In my years of professional listening I knew that unless I internally corrected some of what I heard, I might absorb it unconsciously.
“But me and her had been planning to get married,” said a man, explaining that his intended had left town with a man she met had at a pizza parlor. (This is a fictitious example. All actual men I have known either had different problems or their losses involved no pizza parlor Romeos.)
Grammar is clearly not an appropriate focus for such an hour of difficulty, but I try to set apart no more than the mental wattage requirements of a small night-light to translate in my own mind the “hims” and “hers” into the proper personal pronouns. If I don’t, what guarantee do I have that I won’t soon forget their proper use myself?
I find I have the same problem with reading unedited material. How many creatively punctuated essays or short stories can I read without becoming uncertain as to the standard use of those helpful little marks?
Reading otherwise engaging self-published material on the Internet does expose us to many problems of English grammar and usage. I once encountered an announcement that looked something like this:
"Don’t Worry, Be Happy", is the title of my new …
That lost and lonely comma lit a flame and inspired a question in me.
THE QUESTION: In American usage, where does punctuation go, inside quotation marks or outside of them?
THE ANSWER: I knew the answer would not be completely straightforward, didn’t you? The answer is, it depends.
INSIDE: Generally speaking, periods and commas go inside the quotation marks.
“I worry I will never be happy,” the jilted man said.
I have a great recipe I’ll share with you called “Mash-Mush.”
OUTSIDE: Semicolons and colons generally go outside quotation marks.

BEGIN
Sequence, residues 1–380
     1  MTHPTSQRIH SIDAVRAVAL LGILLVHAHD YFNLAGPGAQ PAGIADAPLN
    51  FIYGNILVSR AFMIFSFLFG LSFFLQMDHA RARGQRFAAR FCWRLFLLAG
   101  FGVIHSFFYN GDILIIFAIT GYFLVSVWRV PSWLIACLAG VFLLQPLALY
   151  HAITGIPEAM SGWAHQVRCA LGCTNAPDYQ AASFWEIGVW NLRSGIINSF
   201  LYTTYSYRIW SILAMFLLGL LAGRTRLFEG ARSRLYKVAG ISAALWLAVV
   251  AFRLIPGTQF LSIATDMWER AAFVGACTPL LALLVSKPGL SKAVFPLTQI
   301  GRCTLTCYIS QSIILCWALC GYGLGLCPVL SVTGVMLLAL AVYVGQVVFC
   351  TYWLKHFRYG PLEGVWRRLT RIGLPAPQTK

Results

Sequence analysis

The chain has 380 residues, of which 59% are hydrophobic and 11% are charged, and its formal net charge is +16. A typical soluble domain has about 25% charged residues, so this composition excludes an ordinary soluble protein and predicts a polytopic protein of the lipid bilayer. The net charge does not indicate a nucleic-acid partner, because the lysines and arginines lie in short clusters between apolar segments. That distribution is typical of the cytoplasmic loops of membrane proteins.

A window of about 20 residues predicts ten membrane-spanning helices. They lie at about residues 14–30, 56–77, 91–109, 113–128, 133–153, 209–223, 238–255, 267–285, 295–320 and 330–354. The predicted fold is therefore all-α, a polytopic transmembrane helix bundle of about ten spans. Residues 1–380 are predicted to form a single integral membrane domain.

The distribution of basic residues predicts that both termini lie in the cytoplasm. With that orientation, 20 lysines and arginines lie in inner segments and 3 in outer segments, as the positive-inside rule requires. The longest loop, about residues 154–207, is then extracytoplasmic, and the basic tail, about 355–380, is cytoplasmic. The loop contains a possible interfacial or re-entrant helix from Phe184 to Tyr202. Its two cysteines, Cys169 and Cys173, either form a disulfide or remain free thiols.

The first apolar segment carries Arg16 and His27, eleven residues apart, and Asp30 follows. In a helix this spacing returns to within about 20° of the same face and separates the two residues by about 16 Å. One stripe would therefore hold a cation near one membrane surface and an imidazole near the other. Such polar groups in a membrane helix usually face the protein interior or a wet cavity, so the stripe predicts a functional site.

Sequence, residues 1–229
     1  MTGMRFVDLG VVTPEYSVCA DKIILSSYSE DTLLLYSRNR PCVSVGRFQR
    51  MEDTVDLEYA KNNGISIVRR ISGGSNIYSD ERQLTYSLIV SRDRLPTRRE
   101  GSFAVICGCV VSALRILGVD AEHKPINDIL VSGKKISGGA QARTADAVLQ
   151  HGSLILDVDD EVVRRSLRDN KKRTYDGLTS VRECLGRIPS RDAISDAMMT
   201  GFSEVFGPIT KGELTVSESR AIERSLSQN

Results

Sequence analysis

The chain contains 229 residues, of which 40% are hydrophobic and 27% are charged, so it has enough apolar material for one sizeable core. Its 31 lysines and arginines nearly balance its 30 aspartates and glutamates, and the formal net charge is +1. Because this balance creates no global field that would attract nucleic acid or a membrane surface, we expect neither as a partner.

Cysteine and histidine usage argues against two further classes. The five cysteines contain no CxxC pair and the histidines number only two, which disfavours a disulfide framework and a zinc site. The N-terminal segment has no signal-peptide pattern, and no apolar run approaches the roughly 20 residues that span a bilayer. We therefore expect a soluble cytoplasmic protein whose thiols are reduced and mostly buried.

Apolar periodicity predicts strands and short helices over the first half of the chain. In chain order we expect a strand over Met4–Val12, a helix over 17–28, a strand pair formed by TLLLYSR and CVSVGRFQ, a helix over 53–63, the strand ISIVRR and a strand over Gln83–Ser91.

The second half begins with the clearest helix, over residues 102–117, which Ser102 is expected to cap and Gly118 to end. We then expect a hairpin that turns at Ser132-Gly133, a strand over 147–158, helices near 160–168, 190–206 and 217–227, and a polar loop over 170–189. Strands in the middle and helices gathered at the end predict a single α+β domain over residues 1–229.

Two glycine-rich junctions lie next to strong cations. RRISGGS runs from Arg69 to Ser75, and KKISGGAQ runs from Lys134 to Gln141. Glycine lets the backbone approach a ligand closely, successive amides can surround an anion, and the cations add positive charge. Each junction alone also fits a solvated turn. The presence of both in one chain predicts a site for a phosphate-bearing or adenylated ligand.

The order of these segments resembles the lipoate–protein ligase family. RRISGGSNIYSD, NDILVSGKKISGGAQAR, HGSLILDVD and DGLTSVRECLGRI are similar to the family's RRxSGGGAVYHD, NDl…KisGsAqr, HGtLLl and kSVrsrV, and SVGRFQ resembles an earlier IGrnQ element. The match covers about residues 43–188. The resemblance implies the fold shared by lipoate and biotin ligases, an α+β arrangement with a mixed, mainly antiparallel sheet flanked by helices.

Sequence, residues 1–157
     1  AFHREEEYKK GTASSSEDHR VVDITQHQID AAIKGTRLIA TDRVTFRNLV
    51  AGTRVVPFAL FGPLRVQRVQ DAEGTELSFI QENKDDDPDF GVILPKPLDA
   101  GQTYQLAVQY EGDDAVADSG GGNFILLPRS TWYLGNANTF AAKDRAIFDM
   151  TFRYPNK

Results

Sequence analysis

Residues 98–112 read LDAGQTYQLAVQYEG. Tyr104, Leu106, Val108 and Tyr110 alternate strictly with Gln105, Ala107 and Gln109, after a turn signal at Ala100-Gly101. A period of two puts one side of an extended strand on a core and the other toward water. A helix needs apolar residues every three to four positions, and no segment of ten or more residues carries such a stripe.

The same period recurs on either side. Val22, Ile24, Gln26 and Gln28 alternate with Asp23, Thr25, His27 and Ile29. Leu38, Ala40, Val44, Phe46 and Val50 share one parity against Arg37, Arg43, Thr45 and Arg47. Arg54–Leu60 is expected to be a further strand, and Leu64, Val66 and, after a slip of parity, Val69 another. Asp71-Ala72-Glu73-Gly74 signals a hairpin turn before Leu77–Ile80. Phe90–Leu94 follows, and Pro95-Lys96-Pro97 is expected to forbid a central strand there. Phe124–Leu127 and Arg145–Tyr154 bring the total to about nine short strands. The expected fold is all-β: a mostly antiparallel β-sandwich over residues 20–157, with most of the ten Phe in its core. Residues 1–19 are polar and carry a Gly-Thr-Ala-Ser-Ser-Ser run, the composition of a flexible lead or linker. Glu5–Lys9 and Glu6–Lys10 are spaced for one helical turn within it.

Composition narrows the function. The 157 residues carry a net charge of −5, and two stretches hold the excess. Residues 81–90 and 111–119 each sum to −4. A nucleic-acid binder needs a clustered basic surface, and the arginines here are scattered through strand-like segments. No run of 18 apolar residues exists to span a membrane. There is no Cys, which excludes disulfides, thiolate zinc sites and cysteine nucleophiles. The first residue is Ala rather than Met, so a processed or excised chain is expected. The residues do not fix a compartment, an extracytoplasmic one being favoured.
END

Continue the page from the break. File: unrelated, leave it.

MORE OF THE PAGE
Her favorite writing manual is “The Elements of Style”; she refers to it often.
There are two reasons she hated being called “Sweet Pea”: it is diminutive and it is cloying.
INSIDE or OUTSIDE: The question mark is of course willing to bring up extra questions. In most cases, a question mark should be inside the quotation marks.
“What do you worry about?” he asked.However, if the question mark is not part of the actual quotation then it must go outside the quotation marks.
Have you read “Don’t Worry, Be Happy”?
No, but I did read “What Me Worry?”
This general rule also holds for exclamation points. If the exclamation mark is part of the quote, include it within the quotation marks. As it has been suggested that any author probably needs to use no more than one or two exclamation marks per lifetime, if the exclamation point is not part of a direct quote you could always solve your doubt or indecision by omitting the exclamation point altogether and then you can follow the more straightforward rule for periods and drop that little baby right inside the quotations marks.
In addition to Strunk and White's classic The Elements of Style, one easy reference for questions such as this is Patricia T. O'Conner's book, Woe Is I The Grammarphobe's Guide to Better English in Plain English. I hope my review will help me keep these particulars straight. And if perchance it has helped you that will help me too, because chances are that I have been reading something you have written and as I said earlier, I am easily led astray.